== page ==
That being said, their World Cup qualifying campaign left a lot to be desired, finishing third in their group behind Saudi Arabia and Japan, respectively, and eventually qualifying by beating Peru on penalties during the inter-confederation play-offs.

If the Socceroos want to put that qualification campaign behind them, they will have to show some of that toughness that Australian soccer is known for and prove that they won’t break under stronger opposition with the likes of France and Denmark who have a plethora of offensive talent.

Player to watch:

Garang Kuol

Garang Kuol is an exciting name that many fans of Australia’s soccer team will be buzzing at.

The 18-year-old is Australia’s youngest player ever to be selected for the World Cup and looks set to be one of the best Australian soccer players in the future.

Even though Kuol only made his senior team debut for the Socceroos on Sept. 25 against New Zealand, he could be in line to play more at the World Cup with starting right-winger Martin Boyle struggling for fitness leading up to Australia’s group-stage matches.

Kuol is a very direct player who isn’t afraid of taking on defenders and his speed can give Australia a lethal threat on the counter. In 12 A-League Men games for the Central Coast Mariners, Kuol has six goals and three assists, while only playing a total of 284 minutes.

The Newcastle United-bound player is definitely an exciting prospect for the future, but he could potentially announce himself to Australia and the world if he’s able to showcase his talents at the World Cup.

Full squad list:

Goalkeepers: Mathew Ryan (FC Copenhagen), Andrew Redmayne (Sydney FC), Danny Vukovic (Central Coast Mariners)

Defenders: Milos Degenek (Columbus Crew), Fran Karacic (Brescia), Nathaniel Atkinson (Hearts), Bailey Wright (Sunderland), Aziz Behich (Dundee United), Kye Rowles (Hearts), Harry Souttar (Stoke City), Joel King (Odense Boldklub), Thomas Deng (Albirex Niigata)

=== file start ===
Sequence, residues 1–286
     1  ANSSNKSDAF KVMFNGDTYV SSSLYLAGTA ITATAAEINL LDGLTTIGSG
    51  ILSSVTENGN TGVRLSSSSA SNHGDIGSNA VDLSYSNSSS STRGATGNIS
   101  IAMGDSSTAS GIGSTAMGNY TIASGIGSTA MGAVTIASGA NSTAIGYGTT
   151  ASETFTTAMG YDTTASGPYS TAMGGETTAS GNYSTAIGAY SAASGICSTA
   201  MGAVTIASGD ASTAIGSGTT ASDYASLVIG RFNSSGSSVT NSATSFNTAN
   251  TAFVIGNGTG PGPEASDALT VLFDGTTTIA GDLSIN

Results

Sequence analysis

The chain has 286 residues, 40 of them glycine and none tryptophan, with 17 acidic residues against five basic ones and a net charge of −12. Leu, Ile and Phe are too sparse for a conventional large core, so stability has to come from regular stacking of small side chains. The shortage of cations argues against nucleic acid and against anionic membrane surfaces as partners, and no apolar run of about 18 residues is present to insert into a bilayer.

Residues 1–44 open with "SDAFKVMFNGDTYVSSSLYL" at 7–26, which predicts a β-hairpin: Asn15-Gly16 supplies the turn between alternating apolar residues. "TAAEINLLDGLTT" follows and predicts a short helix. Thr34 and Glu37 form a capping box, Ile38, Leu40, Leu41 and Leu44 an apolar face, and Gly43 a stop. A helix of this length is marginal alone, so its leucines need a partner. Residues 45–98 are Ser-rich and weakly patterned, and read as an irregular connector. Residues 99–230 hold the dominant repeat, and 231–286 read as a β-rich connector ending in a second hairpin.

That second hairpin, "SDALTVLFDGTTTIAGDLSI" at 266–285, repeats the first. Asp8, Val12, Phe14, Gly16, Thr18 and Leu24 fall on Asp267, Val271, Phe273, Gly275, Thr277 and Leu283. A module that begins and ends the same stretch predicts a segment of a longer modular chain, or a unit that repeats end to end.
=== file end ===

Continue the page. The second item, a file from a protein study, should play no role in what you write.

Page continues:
Midfielders: Ajdin Hrustic (Hellas Verona), Aaron Mooy (Celtic), Riley McGree (Middlesbrough), Jackson Irvine (St Pauli), Keanu Baccus (St Mirren), Cameron Devlin (Hearts)

Attackers: Martin Boyle (Hibernian), Mathew Leckie (Melbourne City), Jamie Maclaren (Melbourne City), Awer Mabil (Cadiz), Mitchell Duke (Fagiano Okayama), Craig Goodwin (Adelaide United), Jason Cummings (Central Coast Mariners), Garang Kuol (Central Coast Mariners)




Nov. 22 vs Tunisia

Nov. 26 vs France

Nov. 30 vs Australia

FIFA ranking: 10

Last World Cup Performance: Round of 16 elimination in 2018

Denmark comes into this World Cup in relatively good form and will like their chances at advancing into the knockout rounds.

Since their remarkable run to the semi-finals at Euro 2020, the Danes have won 11 of 15 matches and finished first in their World Cup qualifying group, winning nine of 10 matches and scoring 30 goals while only conceding three. They also finished second in their Nations League group, beating France twice.

Those wins against France will likely give the Danish confidence heading into their matchup against the World Cup holders on matchday two and if they are able to replicate their play in those matches, they could end up finishing on top of Group D.

If Denmark is able to come together as a team as they did at Euro 2020, but this time with Christian Eriksen, then they might be in for a deep run at this World Cup and could emerge as a dark horse candidate to win the tournament.

Player to watch:

Pierre-Emile Hojbjerg

It goes without saying that the main star in this Denmark team is Christian Eriksen and his talent is essential for the team, but midfielder Pierre-Emile Hojbjerg is arguably just as important as Eriksen is.

Hojbjerg’s ability to control the game along with Christian Eriksen will be crucial to Denmark’s World Cup campaign this winter.

His vision and passing range will help dictate Denmark’s play and without him in midfield, Denmark would not be able to progress the ball as well as they could.

Hojbjerg’s work in midfield may go unnoticed at times, but for Denmark he will be a big factor and is definitely one to pay attention to if Denmark are able to be successful at this World Cup.

Full squad list: